Early benchmarks of the Renoir-based Ryzen 4000 series APUs is making AMD look good. The leaked benchmarks show the Ryzen 7 Pro 4700G, Ryzen 5 Pro 440G and the Ryzen 3 Pro 4200G APUs. The Renoir APUs are based on the 7nm process Zen 2 architecture manufactured by the TSMC. They’re also making the Ryzen 4000 CPUs allegedly on the 5nm+ process.
Ryzen 4000 Pro APU specs
The Ryzen 7 Pro 4200 G is an eight-core/ 16 thread CPU with 3.6/ 4.45 GHz base/ boost clock. It has eight Vega Compute Units clocked at 2,100 MHz. The 4400G is a six-core/ twelve thread APU clocked at 3.7/ 4.3 GHz with seven Vega CUs operating at 1,900 MHz. The Ryzen 3 4200G is a humble four core/ thread processing unit clocked at 3.8/ 4.1 GHz. This has six CUs, also clocked at 1,900MHz. They were all tested with the Ryzen 4 3400G and Ryzen 3 3200G on a motherboard with a 3200MHz 16GB DDR4 rams.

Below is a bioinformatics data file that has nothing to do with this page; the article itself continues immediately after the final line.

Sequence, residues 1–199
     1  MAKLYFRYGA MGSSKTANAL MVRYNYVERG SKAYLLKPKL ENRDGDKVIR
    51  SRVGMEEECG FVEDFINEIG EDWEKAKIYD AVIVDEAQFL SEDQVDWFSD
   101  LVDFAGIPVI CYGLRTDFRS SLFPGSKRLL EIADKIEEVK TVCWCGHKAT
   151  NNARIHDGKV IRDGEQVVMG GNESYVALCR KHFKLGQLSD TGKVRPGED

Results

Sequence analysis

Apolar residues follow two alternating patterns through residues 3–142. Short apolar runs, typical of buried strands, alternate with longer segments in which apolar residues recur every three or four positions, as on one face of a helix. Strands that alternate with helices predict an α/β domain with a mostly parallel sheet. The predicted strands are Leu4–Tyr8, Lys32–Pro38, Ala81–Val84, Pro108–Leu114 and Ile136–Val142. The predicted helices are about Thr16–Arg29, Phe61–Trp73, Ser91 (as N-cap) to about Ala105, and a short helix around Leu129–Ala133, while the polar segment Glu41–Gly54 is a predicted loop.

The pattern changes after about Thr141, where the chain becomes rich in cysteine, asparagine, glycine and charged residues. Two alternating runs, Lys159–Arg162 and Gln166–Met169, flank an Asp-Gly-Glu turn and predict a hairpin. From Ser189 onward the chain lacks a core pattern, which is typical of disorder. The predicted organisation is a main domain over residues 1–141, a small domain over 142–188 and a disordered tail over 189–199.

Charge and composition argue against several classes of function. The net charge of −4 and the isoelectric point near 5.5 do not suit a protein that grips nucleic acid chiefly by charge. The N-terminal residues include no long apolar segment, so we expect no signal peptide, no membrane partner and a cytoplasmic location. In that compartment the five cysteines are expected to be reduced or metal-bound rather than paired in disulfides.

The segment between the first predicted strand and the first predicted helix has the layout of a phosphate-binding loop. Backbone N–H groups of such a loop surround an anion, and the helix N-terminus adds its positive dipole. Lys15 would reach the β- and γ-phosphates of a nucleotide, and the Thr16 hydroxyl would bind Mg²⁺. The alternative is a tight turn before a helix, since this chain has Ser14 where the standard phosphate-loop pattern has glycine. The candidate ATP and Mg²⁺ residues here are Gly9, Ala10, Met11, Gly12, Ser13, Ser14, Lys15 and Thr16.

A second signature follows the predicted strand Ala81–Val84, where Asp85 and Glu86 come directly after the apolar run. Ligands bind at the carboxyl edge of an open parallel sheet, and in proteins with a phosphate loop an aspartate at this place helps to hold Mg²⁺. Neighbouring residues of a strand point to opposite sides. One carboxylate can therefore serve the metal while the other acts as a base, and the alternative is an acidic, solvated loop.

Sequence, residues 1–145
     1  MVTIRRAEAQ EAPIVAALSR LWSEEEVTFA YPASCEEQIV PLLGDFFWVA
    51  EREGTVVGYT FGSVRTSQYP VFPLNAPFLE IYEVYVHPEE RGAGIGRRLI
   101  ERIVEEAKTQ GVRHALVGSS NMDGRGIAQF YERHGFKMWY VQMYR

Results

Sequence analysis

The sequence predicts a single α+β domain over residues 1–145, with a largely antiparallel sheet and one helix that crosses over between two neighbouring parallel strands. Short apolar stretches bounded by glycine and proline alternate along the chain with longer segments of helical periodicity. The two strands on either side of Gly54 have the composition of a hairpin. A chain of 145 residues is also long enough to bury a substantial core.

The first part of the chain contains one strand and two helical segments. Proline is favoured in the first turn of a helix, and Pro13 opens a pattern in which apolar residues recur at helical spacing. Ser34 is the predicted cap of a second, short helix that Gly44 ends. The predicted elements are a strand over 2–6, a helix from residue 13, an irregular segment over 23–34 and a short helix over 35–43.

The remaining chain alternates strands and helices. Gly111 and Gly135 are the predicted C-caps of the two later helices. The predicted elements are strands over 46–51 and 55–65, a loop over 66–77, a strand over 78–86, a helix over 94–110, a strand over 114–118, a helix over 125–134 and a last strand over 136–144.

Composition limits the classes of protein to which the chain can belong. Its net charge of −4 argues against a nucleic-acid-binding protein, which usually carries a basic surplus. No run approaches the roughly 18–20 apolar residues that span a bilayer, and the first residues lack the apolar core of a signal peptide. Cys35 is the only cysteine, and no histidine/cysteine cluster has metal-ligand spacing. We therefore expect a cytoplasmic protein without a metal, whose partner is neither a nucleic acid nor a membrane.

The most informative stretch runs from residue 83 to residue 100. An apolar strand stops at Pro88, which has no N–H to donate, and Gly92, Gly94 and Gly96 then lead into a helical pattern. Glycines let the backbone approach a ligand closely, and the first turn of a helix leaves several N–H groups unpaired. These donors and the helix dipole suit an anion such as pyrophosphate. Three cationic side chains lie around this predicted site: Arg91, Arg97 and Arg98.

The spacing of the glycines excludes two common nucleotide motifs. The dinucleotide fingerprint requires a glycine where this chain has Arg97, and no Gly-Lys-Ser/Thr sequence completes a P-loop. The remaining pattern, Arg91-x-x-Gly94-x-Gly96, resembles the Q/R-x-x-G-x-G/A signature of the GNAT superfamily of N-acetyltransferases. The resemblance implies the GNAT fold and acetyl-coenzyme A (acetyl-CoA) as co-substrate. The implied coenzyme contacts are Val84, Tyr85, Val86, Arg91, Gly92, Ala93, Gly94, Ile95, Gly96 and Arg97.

Based on the benchmarks above, the increment of the Ryzen 7 Pro 4700G from the previous-gen Ryzen 5 3400G is significant. It shows a 91.2% processing power increase. But the on-chip graphics only have 5.% boost in performance since it has three less CUs than the Ryzen 5 3400G. The Ryzen Pro 4400G has 56.2% performance boost over the Ryzen 5 3400G. While the Ryzen 3 Pro gain significant performance over its previous generation predecessor- the Ryzen 3 3200G. It gains a 70% boost as AMD enabled simultaneous multi-threading (SMT).
Renoir gives significant processing power, negligible graphics performance
While its iGPU performance is nothing really great, the processing power of an APU makes it very attractive for a CPU. There are limitations on an APU, such as the lack of PCIe 4.0 lanes and limited PCIe 3.0 lanes. But for the intended purpose, this gives plenty of processing power. Of Course, leaked benchmarks should be taken with a bag of salt. But do wait for reviews to come out.